Understanding Metering – Chapter 6
I am back with the latest edition of my Free Basics of Photography Course. Yes, I know I am not a schedule but my real life has caught up to me. Without further ado we dive into to the next chapter.
In this chapter you’ll learn the Basics of metering.
For a beginner this term can be a little confusing so first lets get familiarize with what metering is?
Metering is a way of measuring the exposure before making the picture i.e before pressing the shutter release button. This measurement removes the guess work involved in evaluating a correct exposure. In other words metering is the way to measure light on the subject and then making the adjustment for aperture, shutter speed and ISO for a properly exposed image.
Now, light on the subject can be measure in two different ways.
- Measurement of the light falling on the subject. This type of metering is called incident metering.
- Measurement of light reflected from the subject. This type of metering is called reflective metering.
Incident metering uses a light meter which is independent of the the camera. This light meter is use to measure the light falling on the subject. The light meter provides the necessary reading to set the aperture.
Reflective metering uses the in camera meter to measure the light reflected from the subject. For this chapter, we’ll discuss the reflective metering in detail. I assume the beginners will not have the access to sophisticated and expensive light meters.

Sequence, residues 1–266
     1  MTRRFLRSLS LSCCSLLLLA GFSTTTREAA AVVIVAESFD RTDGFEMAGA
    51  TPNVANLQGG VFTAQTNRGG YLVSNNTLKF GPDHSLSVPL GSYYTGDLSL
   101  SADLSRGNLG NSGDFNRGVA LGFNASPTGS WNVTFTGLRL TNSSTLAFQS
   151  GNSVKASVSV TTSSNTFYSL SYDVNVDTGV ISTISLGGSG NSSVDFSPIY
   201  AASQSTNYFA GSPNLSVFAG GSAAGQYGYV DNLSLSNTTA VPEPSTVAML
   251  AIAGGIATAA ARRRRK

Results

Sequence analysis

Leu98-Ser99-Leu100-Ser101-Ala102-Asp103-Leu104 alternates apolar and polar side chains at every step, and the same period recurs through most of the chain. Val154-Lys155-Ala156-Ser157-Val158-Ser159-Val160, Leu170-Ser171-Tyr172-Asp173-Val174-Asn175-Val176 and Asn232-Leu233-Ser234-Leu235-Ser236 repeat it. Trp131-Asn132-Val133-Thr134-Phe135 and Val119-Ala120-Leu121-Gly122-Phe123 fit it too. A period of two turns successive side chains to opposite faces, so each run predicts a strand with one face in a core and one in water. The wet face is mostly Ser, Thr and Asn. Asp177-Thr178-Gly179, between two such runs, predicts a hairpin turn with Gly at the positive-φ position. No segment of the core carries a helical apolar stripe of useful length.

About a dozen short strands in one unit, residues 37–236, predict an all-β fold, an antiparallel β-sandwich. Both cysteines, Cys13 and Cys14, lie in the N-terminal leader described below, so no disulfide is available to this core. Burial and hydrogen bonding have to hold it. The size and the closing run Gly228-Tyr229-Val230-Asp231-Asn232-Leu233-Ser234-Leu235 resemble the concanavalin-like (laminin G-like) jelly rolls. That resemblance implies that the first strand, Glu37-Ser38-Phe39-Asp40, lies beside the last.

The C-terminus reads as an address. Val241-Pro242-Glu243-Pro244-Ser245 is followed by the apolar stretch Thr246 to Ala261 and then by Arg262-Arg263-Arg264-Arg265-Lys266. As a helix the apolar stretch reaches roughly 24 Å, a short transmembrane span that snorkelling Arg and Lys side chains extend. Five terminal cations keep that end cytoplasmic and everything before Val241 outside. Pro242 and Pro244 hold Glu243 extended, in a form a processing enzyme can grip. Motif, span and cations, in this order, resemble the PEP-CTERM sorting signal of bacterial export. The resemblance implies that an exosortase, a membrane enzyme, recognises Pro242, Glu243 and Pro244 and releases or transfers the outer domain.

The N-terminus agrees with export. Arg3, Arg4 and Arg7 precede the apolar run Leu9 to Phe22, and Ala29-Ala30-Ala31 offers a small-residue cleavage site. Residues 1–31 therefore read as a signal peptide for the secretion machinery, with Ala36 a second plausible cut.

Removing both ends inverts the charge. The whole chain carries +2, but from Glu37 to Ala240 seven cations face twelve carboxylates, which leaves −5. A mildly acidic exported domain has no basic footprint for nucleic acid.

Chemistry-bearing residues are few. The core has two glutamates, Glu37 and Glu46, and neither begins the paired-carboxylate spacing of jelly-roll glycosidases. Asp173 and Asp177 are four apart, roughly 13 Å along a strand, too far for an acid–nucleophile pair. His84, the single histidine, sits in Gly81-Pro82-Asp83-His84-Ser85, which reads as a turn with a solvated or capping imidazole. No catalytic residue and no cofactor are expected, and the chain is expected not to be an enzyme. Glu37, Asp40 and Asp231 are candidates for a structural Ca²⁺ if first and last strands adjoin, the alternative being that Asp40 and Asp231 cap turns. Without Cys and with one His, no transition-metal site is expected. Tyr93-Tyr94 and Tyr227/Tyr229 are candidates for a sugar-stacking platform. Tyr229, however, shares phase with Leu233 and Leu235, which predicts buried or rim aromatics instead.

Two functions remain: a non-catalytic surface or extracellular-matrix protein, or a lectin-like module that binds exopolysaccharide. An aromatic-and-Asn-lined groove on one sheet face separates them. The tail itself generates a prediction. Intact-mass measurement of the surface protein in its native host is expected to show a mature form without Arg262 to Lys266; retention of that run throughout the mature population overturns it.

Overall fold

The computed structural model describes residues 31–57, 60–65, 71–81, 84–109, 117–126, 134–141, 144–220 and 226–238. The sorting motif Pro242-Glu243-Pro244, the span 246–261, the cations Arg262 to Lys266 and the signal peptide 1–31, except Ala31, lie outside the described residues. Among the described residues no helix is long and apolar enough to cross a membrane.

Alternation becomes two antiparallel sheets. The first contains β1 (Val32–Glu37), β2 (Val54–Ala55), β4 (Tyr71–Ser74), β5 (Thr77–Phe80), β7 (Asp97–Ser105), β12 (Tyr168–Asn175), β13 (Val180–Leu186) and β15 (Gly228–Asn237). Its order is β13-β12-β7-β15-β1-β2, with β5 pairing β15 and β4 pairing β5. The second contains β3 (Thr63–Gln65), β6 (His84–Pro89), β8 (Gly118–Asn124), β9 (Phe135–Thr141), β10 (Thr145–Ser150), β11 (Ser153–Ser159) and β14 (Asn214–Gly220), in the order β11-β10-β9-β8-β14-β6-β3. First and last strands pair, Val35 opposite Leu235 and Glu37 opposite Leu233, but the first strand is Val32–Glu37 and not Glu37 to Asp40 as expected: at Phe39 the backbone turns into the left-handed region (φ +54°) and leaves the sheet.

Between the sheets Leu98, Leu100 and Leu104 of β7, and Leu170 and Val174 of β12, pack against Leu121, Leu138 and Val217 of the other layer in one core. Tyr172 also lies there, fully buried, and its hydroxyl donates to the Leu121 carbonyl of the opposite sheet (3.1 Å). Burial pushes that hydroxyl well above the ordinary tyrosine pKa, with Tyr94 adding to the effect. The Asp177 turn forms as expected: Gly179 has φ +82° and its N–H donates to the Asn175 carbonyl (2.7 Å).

The in camera light meter in its simplest of terms looks up from thousands of pre-installed exposures to assess the scene and arrive at a proper exposure. In a typical camera the number line with “0” in the center is the meter display for the photographer. Usually when you half press the shutter release button a cursor moves across that number line/meter display. If the cursor stops to the left of the zero on the number line, the image is going to be underexposed. Similarly if the cursor stops to the right of the zero then then the image is going to be over exposed.
The position of the cursor changes with the change or adjustment in the Aperture, Shutter Speed or ISO of the camera. You now have full control over the exposure, if you want to over expose the image you just have to keep the cursor towards the right of the Zero similarly you know now what to do if you have to under expose the image.
I hope you understand the concept of metering in this chapter. I’ll stop here and discuss the types of metering in the next chapter. I don’t want to over burden you with complex details before you get the hang of metering. Till the next post play with you meter display and ask questions if any.
In the next chapter I’ll explain the types of metering.